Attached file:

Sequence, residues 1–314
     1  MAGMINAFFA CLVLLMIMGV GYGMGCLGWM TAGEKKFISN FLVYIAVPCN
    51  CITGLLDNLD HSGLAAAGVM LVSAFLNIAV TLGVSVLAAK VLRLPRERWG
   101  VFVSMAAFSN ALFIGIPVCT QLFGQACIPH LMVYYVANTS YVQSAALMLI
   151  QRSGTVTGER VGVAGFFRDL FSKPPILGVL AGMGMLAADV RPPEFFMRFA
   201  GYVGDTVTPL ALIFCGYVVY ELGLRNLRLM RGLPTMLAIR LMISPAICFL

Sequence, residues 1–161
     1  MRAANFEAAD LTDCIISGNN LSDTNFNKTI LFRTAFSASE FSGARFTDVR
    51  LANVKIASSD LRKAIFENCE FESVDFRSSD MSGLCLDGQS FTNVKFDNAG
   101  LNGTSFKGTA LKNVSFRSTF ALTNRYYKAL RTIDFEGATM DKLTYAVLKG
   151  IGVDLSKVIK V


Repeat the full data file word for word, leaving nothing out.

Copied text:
Sequence, residues 1–314
     1  MAGMINAFFA CLVLLMIMGV GYGMGCLGWM TAGEKKFISN FLVYIAVPCN
    51  CITGLLDNLD HSGLAAAGVM LVSAFLNIAV TLGVSVLAAK VLRLPRERWG
   101  VFVSMAAFSN ALFIGIPVCT QLFGQACIPH LMVYYVANTS YVQSAALMLI
   151  QRSGTVTGER VGVAGFFRDL FSKPPILGVL AGMGMLAADV RPPEFFMRFA
   201  GYVGDTVTPL ALIFCGYVVY ELGLRNLRLM RGLPTMLAIR LMISPAICFL

Sequence, residues 1–161
     1  MRAANFEAAD LTDCIISGNN LSDTNFNKTI LFRTAFSASE FSGARFTDVR
    51  LANVKIASSD LRKAIFENCE FESVDFRSSD MSGLCLDGQS FTNVKFDNAG
   101  LNGTSFKGTA LKNVSFRSTF ALTNRYYKAL RTIDFEGATM DKLTYAVLKG
   151  IGVDLSKVIK V